Rwanda’s prosecution on Monday said it intends to hold a joint trial of Paul Rusesabagina, whose story inspired the 2004 film “Hotel Rwanda,” together with 16 prisoners alleged to be rebel fighters.
Rusesabagina, 66, is a founder of the Rwanda Movement for Democratic Change, a coalition of opposition groups, which has an armed wing known as the National Liberation Front. The government accuses the rebel group of killing Rwandans in the country’s north.
In court last month, Rusesabagina admitted his ties to the rebels but said the group was never meant to kill Rwandans.
Rwandan authorities said the rebel fighters to stand trial with Rusesabagina include two former spokesmen, now in detention in Kigali.
“Prosecution intends to submit a joint indictment of these 16 defendants together with Paul Rusesabagina. A full list of 16 fighters will be provided,” Prosecutor General Aimable Havugiyaremye told a press conference in the capital, Kigali.
Rusesabagina has been charged with 13 offenses that also include financing terrorism, complicity in murder, recruiting child soldiers and forming a rebel group. He faces a maximum of 25 years in prison if he is convicted. He has been denied bail pending the trial, the date of which has not yet been set.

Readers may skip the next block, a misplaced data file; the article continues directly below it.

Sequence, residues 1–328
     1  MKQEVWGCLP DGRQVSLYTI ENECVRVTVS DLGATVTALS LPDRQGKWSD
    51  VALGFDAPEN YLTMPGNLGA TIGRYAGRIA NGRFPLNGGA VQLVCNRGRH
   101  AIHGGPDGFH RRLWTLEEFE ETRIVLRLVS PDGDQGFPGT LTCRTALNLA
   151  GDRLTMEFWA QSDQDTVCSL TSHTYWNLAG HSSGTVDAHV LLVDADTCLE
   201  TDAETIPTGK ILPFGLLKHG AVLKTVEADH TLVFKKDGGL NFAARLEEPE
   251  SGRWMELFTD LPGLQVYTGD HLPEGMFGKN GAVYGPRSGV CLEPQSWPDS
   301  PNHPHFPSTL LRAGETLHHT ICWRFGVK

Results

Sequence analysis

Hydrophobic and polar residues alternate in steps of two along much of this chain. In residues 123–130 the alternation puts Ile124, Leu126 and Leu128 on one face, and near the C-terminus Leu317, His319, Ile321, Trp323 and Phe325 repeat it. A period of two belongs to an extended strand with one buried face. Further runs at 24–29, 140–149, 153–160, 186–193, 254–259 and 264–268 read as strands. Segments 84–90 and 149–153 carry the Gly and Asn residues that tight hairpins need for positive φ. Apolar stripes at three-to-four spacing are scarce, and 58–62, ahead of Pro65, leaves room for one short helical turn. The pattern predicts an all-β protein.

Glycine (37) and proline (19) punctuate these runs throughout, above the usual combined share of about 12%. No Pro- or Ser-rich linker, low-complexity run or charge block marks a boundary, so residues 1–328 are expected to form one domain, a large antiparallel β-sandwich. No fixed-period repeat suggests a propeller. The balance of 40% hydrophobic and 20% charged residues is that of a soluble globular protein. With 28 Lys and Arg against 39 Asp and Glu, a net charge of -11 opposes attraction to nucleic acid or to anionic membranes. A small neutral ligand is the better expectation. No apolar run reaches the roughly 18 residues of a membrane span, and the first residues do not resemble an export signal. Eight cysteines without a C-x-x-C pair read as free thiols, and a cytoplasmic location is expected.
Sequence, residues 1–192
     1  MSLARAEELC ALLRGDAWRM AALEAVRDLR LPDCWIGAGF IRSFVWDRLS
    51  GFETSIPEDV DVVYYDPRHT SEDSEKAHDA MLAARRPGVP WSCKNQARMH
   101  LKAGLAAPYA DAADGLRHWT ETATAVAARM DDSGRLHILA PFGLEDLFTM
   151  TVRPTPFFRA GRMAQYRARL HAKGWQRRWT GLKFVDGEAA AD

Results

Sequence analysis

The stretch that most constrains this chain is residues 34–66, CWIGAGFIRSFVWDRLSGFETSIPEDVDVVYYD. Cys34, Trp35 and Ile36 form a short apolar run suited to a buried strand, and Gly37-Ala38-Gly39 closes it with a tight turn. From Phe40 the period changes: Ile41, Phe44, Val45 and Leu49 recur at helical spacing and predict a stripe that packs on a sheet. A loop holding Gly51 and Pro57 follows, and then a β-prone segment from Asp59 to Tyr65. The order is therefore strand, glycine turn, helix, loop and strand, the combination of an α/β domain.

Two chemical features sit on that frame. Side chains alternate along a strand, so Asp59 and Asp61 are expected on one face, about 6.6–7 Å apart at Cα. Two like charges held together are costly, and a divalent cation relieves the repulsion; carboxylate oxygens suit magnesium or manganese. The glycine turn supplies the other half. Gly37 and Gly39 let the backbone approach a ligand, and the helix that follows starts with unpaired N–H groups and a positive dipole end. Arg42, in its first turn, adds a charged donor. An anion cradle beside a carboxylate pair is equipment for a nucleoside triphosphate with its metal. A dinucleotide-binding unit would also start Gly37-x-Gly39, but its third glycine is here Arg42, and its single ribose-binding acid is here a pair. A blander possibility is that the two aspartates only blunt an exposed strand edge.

Rusesabagina’s family and supporters have described the upcoming trial as a sham, calling on the Rwandan leadership to first explain the circumstances under which Rusesabagina was brought to the country. His family says he was pressured to say that he had ties to the rebels.
“Rusesabagina is a Belgian citizen who was kidnapped and brought to Rwanda illegally. Before anything else happens in his trial, he should be allowed to talk to his independent lawyers that have been hired for him, not the lawyers the government has enforced on him,” Rusesabagina’s daughter Carine Kanimba told The Associated Press on Monday.
Rusesabagina cannot speak freely while in Rwandan custody, said Kanimba, speaking on the phone from Belgium.
President Paul Kagame has indicated that Rusesabagina may have been tricked into boarding a private plane in Dubai that took him to Rwanda.
Human Rights Watch has asserted that Rusesabagina had been “forcibly disappeared,” saying that the lack of lawful extradition proceedings suggests that Rwandan authorities don’t believe their evidence would stand up to independent scrutiny.
Rusesabagina has not lived in Rwanda since 1996 and has U.S. permanent residence, as well as Belgian citizenship, and has been a prominent critic of the Kagame government.
Rusesabagina had asked to be released on bail, citing poor health that has caused him to be taken to a hospital three times since he first appeared in handcuffs in Rwanda on Aug. 31. He looked frail during his court appearances.
Rusesabagina is reported to have saved more than 1,000 lives during Rwanda’s 1994 genocide that killed some 800,000 Tutsis and moderate Hutus. For his efforts, he was awarded the U.S. Presidential Medal of Freedom in 2005.
But Rusesabagina has faced growing criticism from Rwandan authorities in the years since he began alleging that human rights are being committed by Kagame’s government.